Racing: For The Notebook:Horses To Go On To Better Things

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The Independent Online
POINT-TO-POINT racing has never been more competitive and, on Saturday at Warwick, CASTLE MANE reiterated the point in style with a fluent victory on his debut under National Hunt rules in the Town Of Warwick Foxhunters Trophy Hunter Chase.

The easy winner of all four of his point-to-points last year, Castle Mane has retained his unbeaten record between the flags and left clock watchers double checking their time pieces after impressive victories at Tweseldown and Brocklesby Park this year.

Dominating both races, the seven-year-old coasted home in times much faster than any other winner could manage on either card and Castle Mane's reputation is such that he was the 4-1 favourite with some bookmakers for the Foxhunters' Chase, the hunter chasers' Gold Cup, at the Cheltenham Festival a week on Thursday, before he had even run on a racecourse "proper".

Indeed the only question mark against Castle Mane prior to Saturday's contest was how he would handle regulation fences which, at a minimum of 4ft 6in, are generally a good six inches bigger - and considerably stiffer - than most obstacles on the point-to-point circuit.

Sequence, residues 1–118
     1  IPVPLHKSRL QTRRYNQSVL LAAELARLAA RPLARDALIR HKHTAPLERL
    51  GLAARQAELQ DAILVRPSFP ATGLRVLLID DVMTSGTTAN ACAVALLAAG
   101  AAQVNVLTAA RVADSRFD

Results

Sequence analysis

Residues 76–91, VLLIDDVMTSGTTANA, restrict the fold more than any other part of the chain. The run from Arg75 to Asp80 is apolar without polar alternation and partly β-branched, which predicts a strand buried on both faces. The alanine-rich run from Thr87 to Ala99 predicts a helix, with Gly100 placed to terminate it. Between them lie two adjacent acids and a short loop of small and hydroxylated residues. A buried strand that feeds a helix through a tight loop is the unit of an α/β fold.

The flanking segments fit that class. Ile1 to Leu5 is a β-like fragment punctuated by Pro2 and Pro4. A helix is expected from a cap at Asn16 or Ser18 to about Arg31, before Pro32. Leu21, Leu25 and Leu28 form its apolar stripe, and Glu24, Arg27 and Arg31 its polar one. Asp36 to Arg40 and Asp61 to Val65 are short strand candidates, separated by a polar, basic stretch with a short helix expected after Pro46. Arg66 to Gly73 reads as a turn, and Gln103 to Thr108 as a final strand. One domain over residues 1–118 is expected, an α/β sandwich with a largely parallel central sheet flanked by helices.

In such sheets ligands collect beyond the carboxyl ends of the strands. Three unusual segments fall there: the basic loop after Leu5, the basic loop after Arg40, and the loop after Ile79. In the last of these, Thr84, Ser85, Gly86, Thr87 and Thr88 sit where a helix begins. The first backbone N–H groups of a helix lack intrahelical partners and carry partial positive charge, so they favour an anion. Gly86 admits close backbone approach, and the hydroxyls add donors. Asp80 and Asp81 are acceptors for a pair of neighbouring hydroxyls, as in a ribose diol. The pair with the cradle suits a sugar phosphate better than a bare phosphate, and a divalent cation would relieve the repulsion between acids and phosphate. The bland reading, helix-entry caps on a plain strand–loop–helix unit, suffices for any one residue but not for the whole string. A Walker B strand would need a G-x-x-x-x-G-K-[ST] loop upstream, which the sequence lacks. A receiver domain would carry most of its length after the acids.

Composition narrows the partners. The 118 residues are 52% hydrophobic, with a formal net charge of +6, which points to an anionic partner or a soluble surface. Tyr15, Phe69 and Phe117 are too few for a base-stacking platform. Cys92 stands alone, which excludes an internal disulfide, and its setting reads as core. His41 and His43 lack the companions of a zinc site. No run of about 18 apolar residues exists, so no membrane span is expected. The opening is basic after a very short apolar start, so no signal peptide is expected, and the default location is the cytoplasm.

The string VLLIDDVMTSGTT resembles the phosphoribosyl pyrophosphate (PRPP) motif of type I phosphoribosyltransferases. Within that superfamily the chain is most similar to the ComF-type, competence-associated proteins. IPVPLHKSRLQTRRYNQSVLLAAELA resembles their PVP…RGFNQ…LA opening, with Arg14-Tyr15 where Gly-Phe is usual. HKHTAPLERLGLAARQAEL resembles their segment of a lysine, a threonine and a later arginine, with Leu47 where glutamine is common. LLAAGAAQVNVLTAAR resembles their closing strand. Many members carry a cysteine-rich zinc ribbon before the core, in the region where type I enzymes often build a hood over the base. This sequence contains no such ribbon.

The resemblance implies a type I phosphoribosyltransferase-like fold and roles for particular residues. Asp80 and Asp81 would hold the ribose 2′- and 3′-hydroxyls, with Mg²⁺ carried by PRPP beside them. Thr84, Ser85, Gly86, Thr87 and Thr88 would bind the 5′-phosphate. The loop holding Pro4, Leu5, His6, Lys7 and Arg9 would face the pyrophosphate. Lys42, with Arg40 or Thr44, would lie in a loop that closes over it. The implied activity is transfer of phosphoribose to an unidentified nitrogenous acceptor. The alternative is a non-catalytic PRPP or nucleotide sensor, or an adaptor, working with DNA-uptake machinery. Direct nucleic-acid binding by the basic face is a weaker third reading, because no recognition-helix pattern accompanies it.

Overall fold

Castle Mane pecked on landing at the seventh-last fence and gave the third-last a bit of a clout, but had no problems with any of the other 18 fences in the 31/4-mile contest - around a course which poses a relatively demanding jumping test - as he cantered to a bloodless nine-length victory.

Caroline Bailey, his trainer, who handled Teeton Mill with distinction before the grey went into the care of Venetia Williams towards the end of last season, said afterwards: "We'll be very tempted to go to Cheltenham as he hasn't had a hard race, but I just wanted to get one into him to see if everything was okay."

Dick Saunders, Bailey's father, who did punters such a favour when, as an amateur rider, he famously took the hazardous but ground-saving Fred Winter/John francome route down the inner to guide Grittar, the favourite, to victory in the 1982 Grand National, is confident Castle Mane will acquit himself well at Cheltenham.

Saunders said yesterday: "Castle Mane is a very straightforward horse and he did everything that was required of him at Warwick. He will have no trouble in staying [he is by Carlingford Castle, second to Teenoso in the 1983 Derby and third to Sun Princess in the 1983 St Leger] up the hill at Cheltenham. The only problem is that they will go a much stronger pace in the Foxhunters'. However, he jumps well and the Foxhunters' looks a fairly open race this year."

Castle Mane can win the Foxhunters' and could be back for the Gold Cup in 2000.